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'Moan the Pumas!

By Adam Lyal, November 18, 2016 - 6:45pm
Los Pumas at the Witchery Tours shop. L-R: Tomás Cubelli, Ramiro Herrera, Felipe Ezcurra, Matías Alemanno, coaching assistant Jorge Ruarte, Pablo Matera, Lucas Noguera

It's not every day you find eight pumas looking at you across the counter of our little shop, but that's the experience our counter-ghouls had this week when stars of the Argentinian national Rugby Union team (nickname: Los Pumas) arrived to meet my colleague Alexander Clapperton and friends for a tour.

This spooky sporting fixture came about quite by chance: one of our jumper-ooters, Tomás -- himself Argentinian -- visited the team's hotel in hopes of catching a glimpse of his heroes. In the end he got a little more than that, as he was warmly welcomed by the team to join them for drinks, and invited to watch them train the following morning.

While chatting after the training session, Tomás revealed his otherworldly employment; upon which bombshell, it emerged that the players had been intending to take in a Ghost Tour during their stay Of course, it would have been unconscionable to Tomás to have allowed them to experience any but the best!

The team's schedule was already quite hectic, but our resourceful ghouls managed to lure Mr Clapperton (in an incarnation who also speaks Spanish, as luck would have it) out of his usual Winter hibernation period, to perform an out-of-season Ghosts & Gore Tour on Wednesday afternoon. (Or could it be that the fearsome Pumas were uneasy at walking the ghostly streets after dark? No, I'm sure it was just the scheduling thing.)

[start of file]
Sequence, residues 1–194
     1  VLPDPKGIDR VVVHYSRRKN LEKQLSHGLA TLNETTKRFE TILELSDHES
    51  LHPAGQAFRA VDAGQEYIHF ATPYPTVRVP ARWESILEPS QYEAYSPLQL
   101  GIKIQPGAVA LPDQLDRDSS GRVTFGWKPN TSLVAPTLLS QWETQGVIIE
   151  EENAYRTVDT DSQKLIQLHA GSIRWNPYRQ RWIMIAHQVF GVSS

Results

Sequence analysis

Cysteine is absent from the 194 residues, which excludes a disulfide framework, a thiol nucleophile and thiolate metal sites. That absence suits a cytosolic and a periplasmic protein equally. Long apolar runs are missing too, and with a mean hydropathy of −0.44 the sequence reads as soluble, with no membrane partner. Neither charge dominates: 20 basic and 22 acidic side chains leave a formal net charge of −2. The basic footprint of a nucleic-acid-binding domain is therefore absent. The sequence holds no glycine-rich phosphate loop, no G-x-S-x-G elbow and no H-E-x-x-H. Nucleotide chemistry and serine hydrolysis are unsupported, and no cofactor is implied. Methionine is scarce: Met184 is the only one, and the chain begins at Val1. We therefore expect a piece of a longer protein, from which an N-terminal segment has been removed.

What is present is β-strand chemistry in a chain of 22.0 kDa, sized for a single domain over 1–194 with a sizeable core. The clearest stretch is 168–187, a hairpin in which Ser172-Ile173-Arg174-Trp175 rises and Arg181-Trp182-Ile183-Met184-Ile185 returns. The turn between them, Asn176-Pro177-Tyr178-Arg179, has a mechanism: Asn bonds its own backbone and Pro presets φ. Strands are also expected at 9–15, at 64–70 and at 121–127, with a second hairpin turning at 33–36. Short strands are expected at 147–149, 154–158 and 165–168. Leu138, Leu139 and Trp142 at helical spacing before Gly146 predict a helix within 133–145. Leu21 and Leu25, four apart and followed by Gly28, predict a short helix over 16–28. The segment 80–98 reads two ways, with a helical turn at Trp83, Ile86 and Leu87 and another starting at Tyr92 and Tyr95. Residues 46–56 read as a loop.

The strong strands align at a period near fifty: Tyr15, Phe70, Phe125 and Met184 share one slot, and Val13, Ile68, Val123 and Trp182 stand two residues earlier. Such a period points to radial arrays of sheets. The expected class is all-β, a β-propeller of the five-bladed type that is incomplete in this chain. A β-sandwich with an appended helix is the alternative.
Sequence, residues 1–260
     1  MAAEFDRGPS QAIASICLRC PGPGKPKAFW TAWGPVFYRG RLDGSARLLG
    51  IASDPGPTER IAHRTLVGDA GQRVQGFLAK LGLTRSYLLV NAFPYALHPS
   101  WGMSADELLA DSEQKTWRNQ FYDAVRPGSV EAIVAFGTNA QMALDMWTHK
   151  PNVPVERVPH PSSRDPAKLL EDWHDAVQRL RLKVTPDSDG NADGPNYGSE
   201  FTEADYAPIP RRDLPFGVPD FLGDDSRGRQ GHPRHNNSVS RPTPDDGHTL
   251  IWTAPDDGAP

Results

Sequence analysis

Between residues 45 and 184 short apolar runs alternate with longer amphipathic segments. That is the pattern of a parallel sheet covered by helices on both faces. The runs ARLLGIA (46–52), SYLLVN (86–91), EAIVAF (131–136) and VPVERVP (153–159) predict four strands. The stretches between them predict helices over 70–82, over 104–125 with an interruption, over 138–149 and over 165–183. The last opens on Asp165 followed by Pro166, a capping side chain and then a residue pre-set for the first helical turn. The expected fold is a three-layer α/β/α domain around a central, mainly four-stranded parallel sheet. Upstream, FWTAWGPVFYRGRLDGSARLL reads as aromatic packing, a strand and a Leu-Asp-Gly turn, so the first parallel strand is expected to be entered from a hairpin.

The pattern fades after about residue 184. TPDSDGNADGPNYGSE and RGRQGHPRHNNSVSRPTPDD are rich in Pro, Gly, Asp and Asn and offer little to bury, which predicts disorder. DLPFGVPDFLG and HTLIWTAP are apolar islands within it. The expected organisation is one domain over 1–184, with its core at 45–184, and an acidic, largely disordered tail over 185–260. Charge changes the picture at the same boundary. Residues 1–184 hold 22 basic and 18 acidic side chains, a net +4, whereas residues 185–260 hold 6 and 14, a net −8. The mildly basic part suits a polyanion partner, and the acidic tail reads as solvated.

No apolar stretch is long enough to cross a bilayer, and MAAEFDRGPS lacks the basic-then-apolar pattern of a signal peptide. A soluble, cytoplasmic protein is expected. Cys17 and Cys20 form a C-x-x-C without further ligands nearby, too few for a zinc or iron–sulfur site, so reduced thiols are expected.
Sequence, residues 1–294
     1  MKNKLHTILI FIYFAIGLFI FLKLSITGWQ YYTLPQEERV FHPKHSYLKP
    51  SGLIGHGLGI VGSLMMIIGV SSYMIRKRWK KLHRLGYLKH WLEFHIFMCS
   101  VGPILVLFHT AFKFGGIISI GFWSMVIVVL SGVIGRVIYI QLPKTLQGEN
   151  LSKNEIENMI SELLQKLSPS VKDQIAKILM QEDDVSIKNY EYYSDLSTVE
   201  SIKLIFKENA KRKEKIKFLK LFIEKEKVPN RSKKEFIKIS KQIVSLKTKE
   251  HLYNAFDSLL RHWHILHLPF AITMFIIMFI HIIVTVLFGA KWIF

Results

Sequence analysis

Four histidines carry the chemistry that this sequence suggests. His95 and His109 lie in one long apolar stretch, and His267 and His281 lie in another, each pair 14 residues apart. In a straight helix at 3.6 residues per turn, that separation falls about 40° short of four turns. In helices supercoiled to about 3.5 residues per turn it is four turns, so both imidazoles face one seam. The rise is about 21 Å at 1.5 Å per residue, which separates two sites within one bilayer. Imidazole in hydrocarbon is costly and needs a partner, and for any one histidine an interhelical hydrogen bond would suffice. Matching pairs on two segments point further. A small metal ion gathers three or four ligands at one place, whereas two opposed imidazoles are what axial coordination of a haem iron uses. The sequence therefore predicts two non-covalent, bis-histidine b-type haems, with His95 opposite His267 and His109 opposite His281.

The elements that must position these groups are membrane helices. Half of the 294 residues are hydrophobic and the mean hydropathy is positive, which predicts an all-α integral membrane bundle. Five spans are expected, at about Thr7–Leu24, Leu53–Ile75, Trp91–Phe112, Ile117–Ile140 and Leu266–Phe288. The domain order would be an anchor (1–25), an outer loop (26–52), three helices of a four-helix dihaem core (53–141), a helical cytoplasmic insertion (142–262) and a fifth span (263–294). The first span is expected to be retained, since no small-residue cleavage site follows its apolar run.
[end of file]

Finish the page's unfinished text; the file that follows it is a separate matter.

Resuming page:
Los Pumas ready to venture into the night (l-r): Pablo Matera, Lucas Noguera, Tomás Cubelli, Facundo Isa, Alexander Clapperton [guide], The Mad Monk of the Cowgate (aka Tomás) [ghost], Felipe Ezcurra, Jorge Ruarte [coaching assistant], Matías Alemanno, Ramiro Herrera.

This may be the first time a Witchery Tour has been conducted largely in Spanish - although it's hard to translate 19th-century children's verse about Burke & Hare into Spanish, but Mr Clapperton thinks they got the idea anyway. It's all in the delivery.

The Pumas will hopefully be emboldened by their walk on the dark side for their match against Scotland at Murrayfield this Saturday. Although billed as a friendly, the result will have a pivotal bearing on group selection for the next World Cup (so superfan Tomás informs me). Having beaten their French hosts into 4th place at the 2007 World Cup, and boasting the top point-scorer (Nicolas Sanchez) in last year's tournament, there can be no doubt that the Pumas are in it to win it.

Fun fact: you may notice the team's emblem (as seen on their shirts and jackets) looks a bit spotty for a puma. That's because it is in fact a Jaguar. The erroneous naming arose, so I'm told, thanks to a rather confused sports journalist with a pressing print deadline during the team's first international tour, to South Africa in 1965. More established teams of the era, such as the South African "Springboks", had a national animal as their team nickname. The hapless journalist, in his haste, identified two Big Cat species in South America, and picked the wrong one. As this was the team's debut on the international sports media stage, the name stuck (although at least their second team have the privilege of calling themselves, more appositely, Jaguares). Being the figurehead of an organisation often mis-named such gems as The Cadbury's & Witchelly Tools Underground Ghost Train, I entirely sympathise!

I can't guess what tomorrow may bring (if I could, do you think I'd be doing this for a "living"?) but Tomás was tickled to death to have been able to entertain his heroes, and thanks them for coming along. He advises them: "Watch out for the thistles, and good luck Pumas!"

In the interests of plurality, I shall only say that I am quite certain that the true winner tomorrow will be the sport of Rugby Union.